Growing up as a modern orthodox Jew in London the mantra of my life was always, ‘try to integrate, never assimilate.’ This message was repeated by my friends, family and youth group (Bnei Akiva) in every facet of my life. This message led to my hyphenated identity as a British-Jew. The Jewish part is the core of my identity and my British heritage is the prefix to it.
European Jews since the Enlightenment have all shared the same contradictions and struggles of keeping both sides of one’s identity balanced. Unlike other groups, Jews have never sought for their host countries to take on their identity; we have always learnt to sing in a minor key. Our desire was for society to accept that, while we want to be an equal part of society, we are always going to be distinct from it.
When I moved to America I entered a land where everyone has a hyphenated identity. The fabric of the society is that of many hyphens, where Irish-Americans, Italian-Americans, African-Americans, (please insert x)-Americans have all learnt to live together. To express one’s “Jewishness” is as much American as it is anything else. A nation of immigrants has no host but a national culture that any can partake in. Jews in America suffer the same challenges of integration versus assimilation yet will never be seen as outsiders in America. Though they too have a prefix to their identity, so does everyone else.
In Israel there should not be a hyphen, if Zionism is correct. There, the national identity and that of the Jewish people should fuse into one. This creation of the ‘new Jew’ is at the heart of Zionist literature. Being an Israeli, with its own monikers and shibboleths, is somewhat distinct from being Jewish – despite the linguistic and causal roots that the two identities have in common.
This can best be seen in the latest ad put out by the Ministry of Absorption aimed at Israeli’s living abroad. Here, an Israeli girl living in the States comes back with her American boyfriend having left a party early as it is Yom Hazikaron but he cannot read Hebrew and does not know the significance of the day. The message is clear: you will always remain Israeli and your partner might not be able to understand what is important to you. The ad ends encouraging expats to move back to Israel.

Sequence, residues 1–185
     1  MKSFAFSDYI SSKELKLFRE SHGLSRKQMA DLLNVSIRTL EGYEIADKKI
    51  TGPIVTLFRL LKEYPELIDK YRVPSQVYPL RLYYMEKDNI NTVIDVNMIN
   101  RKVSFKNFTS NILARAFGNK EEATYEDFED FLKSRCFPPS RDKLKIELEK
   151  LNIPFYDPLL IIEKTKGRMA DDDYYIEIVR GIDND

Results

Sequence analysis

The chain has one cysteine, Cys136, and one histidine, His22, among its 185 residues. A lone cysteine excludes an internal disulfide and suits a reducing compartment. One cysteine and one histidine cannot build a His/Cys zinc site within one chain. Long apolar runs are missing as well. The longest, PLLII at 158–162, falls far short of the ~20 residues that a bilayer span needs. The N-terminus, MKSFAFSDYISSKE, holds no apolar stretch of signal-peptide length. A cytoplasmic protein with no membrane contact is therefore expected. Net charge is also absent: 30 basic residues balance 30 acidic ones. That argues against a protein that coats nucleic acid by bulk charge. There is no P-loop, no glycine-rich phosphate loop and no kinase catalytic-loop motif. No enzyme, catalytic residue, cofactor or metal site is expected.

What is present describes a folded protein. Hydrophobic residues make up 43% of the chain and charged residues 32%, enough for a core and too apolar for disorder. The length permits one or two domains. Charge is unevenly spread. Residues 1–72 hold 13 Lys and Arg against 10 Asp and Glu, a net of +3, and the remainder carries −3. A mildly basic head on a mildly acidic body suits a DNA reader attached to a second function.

The advertisement provides a fascinating insight. Firstly, it focuses exclusively on a secular Israeli festival, this ad is not about Jews, it’s about Israelis. It mixes some of the guilt messages normally associated with intermarriage with a nationalistic identity and a call for those abroad to come back home. I am unaware of any other nation that appeals to expats in this way.
Yet with thousands of Israeli’s living abroad, it is extremely rare to see any interaction with the Jewish community that resides there. The unhyphenated Israeli often sees little or no point joining a community that they feel no affinity to.
With the persistently vibrant and deep Jewish experience of the Diaspora, the unhyphenated Israeli needs to find an equal place in the global Jewish people. All too often Israeli’s living abroad feel distinct and separate from the Jewish communities in the countries that they settle in.
A dual recognition needs to happen. The Israelis need to feel that by choosing to settle in Britain they are now fully part of the British-Jewish or American-Jewish community. They should explore the thousands of opportunities to plumb the depths of their Jewish identity that the Diaspora offers. The British-Jewish or American-Jewish community in turn also needs to recognize that these Israeli’s have a national rather than just a communal identity and should use that national achievement to bolster they own identities against assimilation.
Both the hyphenated and unhyphenated Jews in this world have something to bring to the table. In a global world we can learn a tremendous amount from each other.
Joel Braunold is a Bnei Akiva alumnus and a former staff member of OneVoice Europe who is currently studying at the Harvard Kennedy School of Government.
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